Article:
January 2020, Volume 31, Issue 1

30 Years of World Politics: What Has Changed?

  • Francis Fukuyama
Democracies are grappling with an era of transformation: Identity is increasingly replacing economics as the major axis of world politics. Technological change has deepened social fragmentation, and trust in institutions is falling. As our most basic assumptions come under question, can liberal democracy rebuild itself?
January 2020, Volume 31, Issue 1

The End of History Revisited

  • Yascha Mounk
Is liberal democracy the endpoint of history? The ongoing democratic recession, growing disaffection among citizens, and rising populism pose new challenges to this view. Yet testing Francis Fukuyama’s much-criticized thesis requires us to consider not only liberal democracy’s internal contradictions, but also those of its authoritarian rivals.
January 2020, Volume 31, Issue 1

Iranians Turn Away from the Islamic Republic

  • Ladan Boroumand
Iran is in the midst of an ideological crisis. Growing numbers of Iranians are rejecting the religious underpinnings of the Supreme Leader’s rule, and turning their backs on the Islamic Republic. The regime’s only response is harsher repression—a response that will deepen the anger that is bringing everyday Iranians out into the streets.

More from our January 2020 issue


View Table of Contents

Free

October 2019, Volume 30, Issue 4

Sudan’s Uprising: The Fall of a Dictator

Amid mass protests, the personalist autocracy of longtime Sudanese president Omar al-Bashir fell to an April 2019 coup. With the country now being governed by a council composed of both opposition leaders and powerful security- service coupmakers, prospects for democratization remain uncertain.

Free

July 2019, Volume 30, Issue 3

Polarization versus Democracy

Why do ordinary people vote to return to office undemocratic incumbents? New survey experiments in several countries suggest that many voters are willing to put their partisan interests above democratic principles—a finding that may be key to understanding democratic backsliding.

Free

April 2019, Volume 30, Issue 2

30 Years After Tiananmen: The Meaning of June 4th

China’s 1989 democracy movement was brutally suppressed, but a former student leader argues that it also planted the seeds for the growth of Chinese civil society and for future democratization.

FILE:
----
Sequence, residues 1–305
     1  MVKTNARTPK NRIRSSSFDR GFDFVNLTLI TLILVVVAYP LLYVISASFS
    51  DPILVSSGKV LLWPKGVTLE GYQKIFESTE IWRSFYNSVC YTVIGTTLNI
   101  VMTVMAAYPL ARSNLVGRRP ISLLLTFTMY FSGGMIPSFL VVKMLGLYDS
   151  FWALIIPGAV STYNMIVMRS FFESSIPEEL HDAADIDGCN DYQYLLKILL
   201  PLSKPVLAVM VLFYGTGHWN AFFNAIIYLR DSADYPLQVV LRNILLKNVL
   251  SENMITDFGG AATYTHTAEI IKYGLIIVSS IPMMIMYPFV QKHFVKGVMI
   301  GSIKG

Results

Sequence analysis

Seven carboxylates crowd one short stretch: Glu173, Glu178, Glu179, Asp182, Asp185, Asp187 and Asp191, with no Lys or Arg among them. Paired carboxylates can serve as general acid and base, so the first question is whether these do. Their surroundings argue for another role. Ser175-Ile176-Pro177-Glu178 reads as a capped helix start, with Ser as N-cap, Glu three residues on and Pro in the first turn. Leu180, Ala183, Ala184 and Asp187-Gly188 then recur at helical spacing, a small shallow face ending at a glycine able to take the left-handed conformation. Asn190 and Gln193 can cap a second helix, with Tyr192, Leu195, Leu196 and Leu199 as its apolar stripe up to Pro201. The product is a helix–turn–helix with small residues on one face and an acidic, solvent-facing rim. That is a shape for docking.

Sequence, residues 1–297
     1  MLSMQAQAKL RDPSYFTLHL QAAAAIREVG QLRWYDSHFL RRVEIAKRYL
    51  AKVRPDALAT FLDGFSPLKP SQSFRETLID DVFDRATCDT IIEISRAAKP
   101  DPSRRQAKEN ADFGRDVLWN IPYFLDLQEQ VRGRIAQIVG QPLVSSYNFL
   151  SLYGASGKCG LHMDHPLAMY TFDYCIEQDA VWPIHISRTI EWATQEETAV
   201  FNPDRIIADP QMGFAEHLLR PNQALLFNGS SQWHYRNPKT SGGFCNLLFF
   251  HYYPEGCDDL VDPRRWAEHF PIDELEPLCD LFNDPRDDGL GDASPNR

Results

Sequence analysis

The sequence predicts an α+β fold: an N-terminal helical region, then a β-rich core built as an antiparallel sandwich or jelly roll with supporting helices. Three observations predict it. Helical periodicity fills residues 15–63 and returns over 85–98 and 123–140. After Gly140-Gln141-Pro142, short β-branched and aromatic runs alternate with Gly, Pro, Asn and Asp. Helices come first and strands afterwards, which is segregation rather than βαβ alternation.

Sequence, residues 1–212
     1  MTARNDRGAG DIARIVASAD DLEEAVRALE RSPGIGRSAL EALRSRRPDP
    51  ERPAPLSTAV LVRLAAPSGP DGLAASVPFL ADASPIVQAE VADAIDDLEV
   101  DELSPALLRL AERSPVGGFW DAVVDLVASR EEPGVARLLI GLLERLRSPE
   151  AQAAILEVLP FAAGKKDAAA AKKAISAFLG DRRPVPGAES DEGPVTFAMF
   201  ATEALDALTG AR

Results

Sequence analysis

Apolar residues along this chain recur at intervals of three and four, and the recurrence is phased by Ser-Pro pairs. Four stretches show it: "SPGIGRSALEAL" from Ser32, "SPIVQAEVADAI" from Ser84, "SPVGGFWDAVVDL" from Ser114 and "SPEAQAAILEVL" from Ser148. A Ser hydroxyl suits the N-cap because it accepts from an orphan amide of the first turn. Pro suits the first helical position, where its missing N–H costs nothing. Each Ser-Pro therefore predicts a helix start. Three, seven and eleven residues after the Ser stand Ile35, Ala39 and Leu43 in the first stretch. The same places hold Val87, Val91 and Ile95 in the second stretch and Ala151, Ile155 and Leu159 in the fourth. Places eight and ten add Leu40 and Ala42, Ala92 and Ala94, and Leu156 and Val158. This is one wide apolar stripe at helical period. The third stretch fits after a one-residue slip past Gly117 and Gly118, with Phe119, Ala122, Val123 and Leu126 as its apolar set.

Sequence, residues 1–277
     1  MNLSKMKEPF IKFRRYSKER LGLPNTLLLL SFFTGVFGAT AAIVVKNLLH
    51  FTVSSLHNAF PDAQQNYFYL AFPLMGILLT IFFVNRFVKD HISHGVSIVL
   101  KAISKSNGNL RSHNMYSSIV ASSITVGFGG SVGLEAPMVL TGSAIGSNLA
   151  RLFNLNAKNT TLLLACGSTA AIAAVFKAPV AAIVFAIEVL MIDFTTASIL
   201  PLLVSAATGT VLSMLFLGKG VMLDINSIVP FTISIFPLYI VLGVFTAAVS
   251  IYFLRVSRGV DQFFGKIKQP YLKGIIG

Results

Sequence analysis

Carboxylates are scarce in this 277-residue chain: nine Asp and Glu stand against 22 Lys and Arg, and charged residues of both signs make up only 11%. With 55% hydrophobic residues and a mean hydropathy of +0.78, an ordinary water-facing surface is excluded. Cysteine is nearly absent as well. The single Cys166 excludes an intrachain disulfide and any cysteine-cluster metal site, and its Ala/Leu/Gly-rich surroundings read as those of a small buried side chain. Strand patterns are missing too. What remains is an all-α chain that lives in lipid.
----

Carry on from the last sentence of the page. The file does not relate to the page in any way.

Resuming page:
Featured News

A Conversation on Competitive Authoritarianism

Journal of Democracy editorial board co-chairs Lucan Way and Steven Levitsky sat down with the Journal‘s Brent Kallmer to discuss the new competitive authoritarianism that has emerged in some countries with relatively strong democratic traditions and institutions.

 

Watch the Full Interview

In The News


Journal of Democracy Names William Dobson as Co-Editor

January 2020

William (“Will”) Dobson, most recently chief international editor at NPR, has held senior editorial posts at Foreign Affairs, Foreign Policy, and Slate. He is author of The Dictator’s Learning Curve: Inside the Global Battle for Democracy (2012). Read the full press release here.


View More

Most Read

Free

30 Years of World Politics: What Has Changed?

Democracies are grappling with an era of transformation: Identity is increasingly replacing economics as the major axis of world politics. Technological change has deepened social fragmentation, and trust in institutions is falling. As our most basic assumptions come under question,…

Breaking Out of the Democratic Slump

There is still an opportunity to pull the world out of its democratic slump. What is most needed is democratic conviction and resolve.

Free

Fighting Terrorism: The Democracy Advantage

Despite worries that terror groups can turn open societies’ very openness against them, the numbers reveal that liberal democracies enjoy significant advantages in resisting the threat of terrorism. 

Free

Illiberal Democracy and the Struggle on the Right

At present, the key struggle for the future of liberal democracy appears as if it will be unfolding among parties and thinkers on the right.

Free

The Populist Challenge to Liberal Democracy

Across the West, economic, demographic, and cultural shifts have spurred the rise of populists who embrace majoritarianism and popular sovereignty while showing little commitment to constitutionalism and individual liberty.